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Local officials say Exit 155 needs both state and federal dollars

MORGANTOWN — Call it the Cadillac of problems. 

In 2019, the state of West Virginia said it was committing $66 million to reconfigure I-79 Exit 155. 

Working with the county and developer WestRidge, the state said the new interchange would be constructed in a divergent diamond configuration with a westbound flyover and new bridges over Chaplin Hill Road. 

Last month, it was announced that the U.S. Department of Transportation had awarded $54.3 million for, according to the DOT’s project description, a lot of the same work. 

So, is there really $120 million coming to address Exit 155? If so, who’s paying for what? 

The answer to the first question, according to Monongalia County Commissioner Jeff Arnett, is yes. 

Arnett and Commission President Sean Sikora were part of a Jan. 19 meeting with West Virginia Secretary of Transportation Jimmy Wriston. 

“At the end of the meeting, the secretary indicated they were fully committed to the $66 million for the project,” Arnett said. “At the end of the meeting, Wriston said three or four times he was fully committed to the $66 million. ‘You’re going to get your $66 million. I commit to the $66 million.’” 

As for the second question, that remains up in the air. 

The official name of the project, according to the feds, is Chaplin Hill Gateway. 

While the $54.3 million coming to Monongalia County was one of only 11 National Infrastructure Project Assistance (Mega) grants awarded nationwide, it’s about half of what the county requested.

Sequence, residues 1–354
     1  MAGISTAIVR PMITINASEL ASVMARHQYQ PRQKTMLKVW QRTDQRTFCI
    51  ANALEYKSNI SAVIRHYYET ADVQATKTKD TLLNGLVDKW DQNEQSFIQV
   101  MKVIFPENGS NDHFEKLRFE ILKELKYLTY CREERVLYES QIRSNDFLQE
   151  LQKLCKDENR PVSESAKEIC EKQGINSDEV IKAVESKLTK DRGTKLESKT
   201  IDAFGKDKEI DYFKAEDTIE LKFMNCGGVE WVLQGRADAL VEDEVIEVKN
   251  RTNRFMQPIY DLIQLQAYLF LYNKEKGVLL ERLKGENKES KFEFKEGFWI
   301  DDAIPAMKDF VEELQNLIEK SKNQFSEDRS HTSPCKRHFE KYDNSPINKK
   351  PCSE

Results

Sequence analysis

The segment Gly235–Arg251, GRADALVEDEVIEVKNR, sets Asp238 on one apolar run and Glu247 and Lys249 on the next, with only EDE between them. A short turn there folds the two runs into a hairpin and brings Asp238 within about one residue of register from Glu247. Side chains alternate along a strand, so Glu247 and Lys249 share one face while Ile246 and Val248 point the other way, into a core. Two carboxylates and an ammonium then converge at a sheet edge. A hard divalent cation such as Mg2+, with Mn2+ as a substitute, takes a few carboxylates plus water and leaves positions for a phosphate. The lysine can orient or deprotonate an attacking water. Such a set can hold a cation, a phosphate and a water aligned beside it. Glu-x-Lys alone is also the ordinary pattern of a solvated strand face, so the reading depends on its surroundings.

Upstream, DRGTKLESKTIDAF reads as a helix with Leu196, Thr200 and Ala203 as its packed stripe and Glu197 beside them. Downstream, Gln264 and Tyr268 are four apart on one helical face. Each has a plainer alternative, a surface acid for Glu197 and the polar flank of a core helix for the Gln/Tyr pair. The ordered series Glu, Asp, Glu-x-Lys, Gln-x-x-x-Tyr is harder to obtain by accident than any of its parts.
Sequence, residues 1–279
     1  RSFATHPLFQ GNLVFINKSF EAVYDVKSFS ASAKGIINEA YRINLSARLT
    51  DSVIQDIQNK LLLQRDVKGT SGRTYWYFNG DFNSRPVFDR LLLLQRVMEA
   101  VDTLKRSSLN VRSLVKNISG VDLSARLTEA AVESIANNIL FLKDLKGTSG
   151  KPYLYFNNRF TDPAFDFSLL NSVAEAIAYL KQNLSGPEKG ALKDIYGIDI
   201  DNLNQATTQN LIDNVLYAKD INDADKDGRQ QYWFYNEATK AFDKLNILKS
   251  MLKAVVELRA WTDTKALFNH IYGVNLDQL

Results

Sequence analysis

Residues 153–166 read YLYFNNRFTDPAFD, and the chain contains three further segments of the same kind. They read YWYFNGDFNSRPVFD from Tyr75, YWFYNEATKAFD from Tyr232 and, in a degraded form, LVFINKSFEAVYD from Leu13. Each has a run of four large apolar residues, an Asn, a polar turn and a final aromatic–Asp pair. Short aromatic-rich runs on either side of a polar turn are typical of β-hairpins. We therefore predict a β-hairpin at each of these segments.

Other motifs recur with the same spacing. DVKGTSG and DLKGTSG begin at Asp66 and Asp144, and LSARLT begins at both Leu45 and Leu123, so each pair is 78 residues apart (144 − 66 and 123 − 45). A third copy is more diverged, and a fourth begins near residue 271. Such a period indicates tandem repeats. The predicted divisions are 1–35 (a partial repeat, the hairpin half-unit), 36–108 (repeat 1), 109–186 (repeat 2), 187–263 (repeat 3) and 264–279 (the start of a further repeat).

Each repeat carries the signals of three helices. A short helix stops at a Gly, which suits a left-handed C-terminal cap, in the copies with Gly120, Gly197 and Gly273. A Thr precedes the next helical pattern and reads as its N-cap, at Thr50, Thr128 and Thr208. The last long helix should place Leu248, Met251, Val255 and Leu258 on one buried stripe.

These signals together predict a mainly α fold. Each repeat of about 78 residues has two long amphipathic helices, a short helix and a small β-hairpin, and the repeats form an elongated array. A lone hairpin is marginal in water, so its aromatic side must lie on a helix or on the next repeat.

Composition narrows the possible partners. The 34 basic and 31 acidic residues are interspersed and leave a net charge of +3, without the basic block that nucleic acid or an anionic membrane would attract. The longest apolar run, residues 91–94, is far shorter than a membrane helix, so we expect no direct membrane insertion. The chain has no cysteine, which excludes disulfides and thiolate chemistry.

The actual grant request was for just over $110 million. 

According to the award declaration provided to stakeholders, “The project has multiple components including replacing I‐79 bridges over Chaplin Hill Road, reconstructing exit 155 interchange, [westbound] I‐79 flyover reconstruction, and a pedestrian and bicycle connection between the Star City bridge and the regional rail‐to‐trail network. The awarded project scope does not include an ineligible component proposed in the application.” 

By process of elimination, it stands to reason the “ineligible component” is the widening of Chaplin Hill Road and pedestrian infrastructure between the exit and Mylan Park, which was part of the county’s proposal when it first applied for $95 million in federal support for the project in 2022. 

The Dominion Post reached out to the West Virginia Division of Highways to ask if the state was still committed to the full $66 million and if the state would shift its funding to pay for parts of the expanded project not covered by the federal grant, but did not get a response in time for this report. 

Either way, Ryan Lynch with WestRidge said trying to coordinate multiple funding sources for a much-needed improvement to Morgantown’s front door is a good problem to have. 

He said the federal grant, which was made public in December but officially announced last week, is exciting news for everyone who lives in, and travels to, Morgantown. 

“This achievement marks a significant step forward in achieving the local vision to transform Exit 155 and surrounding corridor into a prominent gateway for our local community,” Lynch said in an email. “We would like to thank and congratulate the County Commission, Governor Justice, Senator Manchin, Senator Capito, and all of the other public and private partners which helped Mon County secure just one of eleven Mega project awards nationwide.”